Government Recruits Geeks to Blunt Cybersecurity Threats
By Joshua Kucera
The U.S. Cyber Challenge aims to identify 10,000 patriotic geeks and make them experts
The potential threats against
Russian hackers -- probably with Kremlin support -- have attacked Internet sites in pro-
It's the kind of shadowy, nonstate threat that the U.S. defense and intelligence bureaucracies are traditionally ill equipped to fight, but a new initiative announced last week aims to try.
A consortium of government agencies and private organizations has set up a series of competitions, called the U.S. Cyber Challenge, to
identify up to 10,000 patriotic geeks and then nurture them to become "top guns," as the Cyber Challenge organizers call them, at the Pentagon,
"People in the Pentagon know that the guy who looks good in a flight suit and can do 100 push-ups isn't necessarily the guy who will be
the world's best hacker," says
President Obama's announcement in May of a new cybersecurity initiative, including a cybersecurity coordinator who will report directly to the president, showed that the administration recognizes the threat from foreign hackers.
"In today's world, acts of terror can come not only from a few extremists in suicide vests but from a few keystrokes on a computer -- a weapon of mass disruption," Obama said in announcing the program.
But two months on, the coordinator has yet to be named, and there is no information about the budget the office will have. "There are still huge questions about what it's going to do," Shachtman says.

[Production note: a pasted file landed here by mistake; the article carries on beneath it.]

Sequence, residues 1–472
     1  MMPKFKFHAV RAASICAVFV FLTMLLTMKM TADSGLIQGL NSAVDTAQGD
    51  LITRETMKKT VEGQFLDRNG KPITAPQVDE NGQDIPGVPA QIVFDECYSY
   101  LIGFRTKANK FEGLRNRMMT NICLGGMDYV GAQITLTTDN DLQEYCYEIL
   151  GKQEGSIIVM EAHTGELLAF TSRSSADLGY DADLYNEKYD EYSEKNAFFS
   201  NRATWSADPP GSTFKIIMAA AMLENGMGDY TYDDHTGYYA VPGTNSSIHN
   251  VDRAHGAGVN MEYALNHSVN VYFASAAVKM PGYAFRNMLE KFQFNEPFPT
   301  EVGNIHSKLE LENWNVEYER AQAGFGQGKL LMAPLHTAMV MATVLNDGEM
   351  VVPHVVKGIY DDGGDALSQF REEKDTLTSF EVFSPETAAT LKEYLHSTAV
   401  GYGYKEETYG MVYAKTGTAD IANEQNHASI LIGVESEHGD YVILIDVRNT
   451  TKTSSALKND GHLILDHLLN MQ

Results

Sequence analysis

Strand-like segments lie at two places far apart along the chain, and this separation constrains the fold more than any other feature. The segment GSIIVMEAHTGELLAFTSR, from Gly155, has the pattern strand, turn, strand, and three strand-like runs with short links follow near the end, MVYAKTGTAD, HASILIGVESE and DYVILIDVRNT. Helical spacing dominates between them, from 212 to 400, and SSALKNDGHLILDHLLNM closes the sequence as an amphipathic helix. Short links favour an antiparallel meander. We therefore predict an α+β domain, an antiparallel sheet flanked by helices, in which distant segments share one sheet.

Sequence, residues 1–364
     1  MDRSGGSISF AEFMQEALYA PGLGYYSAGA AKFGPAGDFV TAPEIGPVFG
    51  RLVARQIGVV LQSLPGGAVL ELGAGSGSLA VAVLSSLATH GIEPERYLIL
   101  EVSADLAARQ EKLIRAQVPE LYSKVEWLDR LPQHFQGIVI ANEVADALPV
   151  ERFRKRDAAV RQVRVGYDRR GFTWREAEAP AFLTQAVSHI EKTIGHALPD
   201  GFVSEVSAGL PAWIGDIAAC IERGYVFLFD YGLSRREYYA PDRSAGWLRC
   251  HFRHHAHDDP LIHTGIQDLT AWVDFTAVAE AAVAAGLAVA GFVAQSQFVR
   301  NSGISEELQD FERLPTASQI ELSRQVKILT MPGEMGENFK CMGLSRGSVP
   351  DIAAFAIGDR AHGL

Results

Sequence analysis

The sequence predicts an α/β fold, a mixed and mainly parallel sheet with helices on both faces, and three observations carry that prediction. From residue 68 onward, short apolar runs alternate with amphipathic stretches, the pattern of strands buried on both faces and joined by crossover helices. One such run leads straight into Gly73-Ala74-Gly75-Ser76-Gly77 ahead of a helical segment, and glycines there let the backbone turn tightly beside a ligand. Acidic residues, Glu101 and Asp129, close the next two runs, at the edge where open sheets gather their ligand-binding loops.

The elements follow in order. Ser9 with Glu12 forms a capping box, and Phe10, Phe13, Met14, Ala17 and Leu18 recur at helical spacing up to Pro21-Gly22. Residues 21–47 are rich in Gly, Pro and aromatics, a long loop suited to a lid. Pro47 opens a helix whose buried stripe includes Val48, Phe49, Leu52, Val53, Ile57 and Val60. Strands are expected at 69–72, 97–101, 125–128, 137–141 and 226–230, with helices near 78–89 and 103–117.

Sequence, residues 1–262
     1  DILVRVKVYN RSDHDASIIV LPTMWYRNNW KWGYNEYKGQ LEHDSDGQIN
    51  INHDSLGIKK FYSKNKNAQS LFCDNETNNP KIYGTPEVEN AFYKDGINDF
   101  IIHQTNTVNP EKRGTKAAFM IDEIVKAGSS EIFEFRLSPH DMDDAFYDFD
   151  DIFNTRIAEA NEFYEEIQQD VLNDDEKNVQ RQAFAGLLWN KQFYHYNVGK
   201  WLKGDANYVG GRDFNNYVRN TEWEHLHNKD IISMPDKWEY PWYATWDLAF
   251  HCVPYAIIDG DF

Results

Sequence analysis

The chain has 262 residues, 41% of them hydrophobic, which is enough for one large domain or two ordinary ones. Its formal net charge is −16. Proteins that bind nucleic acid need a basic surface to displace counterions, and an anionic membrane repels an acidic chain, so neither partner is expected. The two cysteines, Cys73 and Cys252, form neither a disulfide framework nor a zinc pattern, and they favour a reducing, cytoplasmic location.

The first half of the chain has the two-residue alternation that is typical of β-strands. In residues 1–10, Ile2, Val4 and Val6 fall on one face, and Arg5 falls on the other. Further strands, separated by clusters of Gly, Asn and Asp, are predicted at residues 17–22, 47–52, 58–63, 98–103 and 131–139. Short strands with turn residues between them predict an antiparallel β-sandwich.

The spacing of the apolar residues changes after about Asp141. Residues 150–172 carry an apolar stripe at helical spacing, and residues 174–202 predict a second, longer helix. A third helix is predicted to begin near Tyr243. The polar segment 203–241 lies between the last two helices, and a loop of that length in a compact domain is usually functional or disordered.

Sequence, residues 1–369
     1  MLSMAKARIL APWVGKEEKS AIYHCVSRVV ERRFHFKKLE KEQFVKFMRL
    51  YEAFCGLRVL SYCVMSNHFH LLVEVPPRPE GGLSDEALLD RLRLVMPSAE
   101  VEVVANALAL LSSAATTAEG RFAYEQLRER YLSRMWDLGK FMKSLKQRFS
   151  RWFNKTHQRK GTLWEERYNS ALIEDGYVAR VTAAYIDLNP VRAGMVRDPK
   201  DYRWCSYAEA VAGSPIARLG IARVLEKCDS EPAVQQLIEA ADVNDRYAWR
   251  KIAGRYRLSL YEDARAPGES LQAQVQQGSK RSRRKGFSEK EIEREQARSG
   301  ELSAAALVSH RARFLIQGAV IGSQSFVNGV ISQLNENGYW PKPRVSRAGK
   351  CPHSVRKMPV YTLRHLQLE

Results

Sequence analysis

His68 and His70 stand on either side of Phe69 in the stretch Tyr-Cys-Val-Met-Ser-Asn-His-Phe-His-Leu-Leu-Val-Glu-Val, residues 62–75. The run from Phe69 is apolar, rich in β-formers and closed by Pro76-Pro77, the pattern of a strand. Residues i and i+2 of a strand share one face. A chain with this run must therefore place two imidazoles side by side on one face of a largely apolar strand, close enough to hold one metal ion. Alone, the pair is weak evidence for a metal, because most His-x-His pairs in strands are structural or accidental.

And the Cyber Challenge only highlights a huge handicap
A hacker wants "to align with the underdog against the big, bad U.S., and it's going to be hard to reverse that," he says.
And there are signs
Secrets to Saving Your Laptop and Data
Consumers now buy more laptops than desktop PCs, relishing the power they pack in a portable package. Thieves relish laptops for the same reason. The overwhelming majority of lost or stolen notebooks don't make it back to their owners, according to FBI and analyst reports. But a few laptop-luggers take steps to protect their investments, or the even-more precious data they contain.
Cyberwar Is the New Atomic Age
Mike McConnell Interview
A level of vulnerability has been introduced into our way of life that is unprecedented. We now have a smaller connected globe where information can be moved in seconds, where information managed by computer networks -- which runs our utilities, our transportation, our banking and communications -- can be exploited or attacked in seconds from a remote location overseas
The iPhone and I
By Mark Bazer
Well, it was nice knowing my family, but now I've got an iPhone. For the uninitiated, the iPhone is the cell phone + iPod + organizer + portable game console + friend when you're at a party and no one is talking to you and you've already peeled off the label on your beer.
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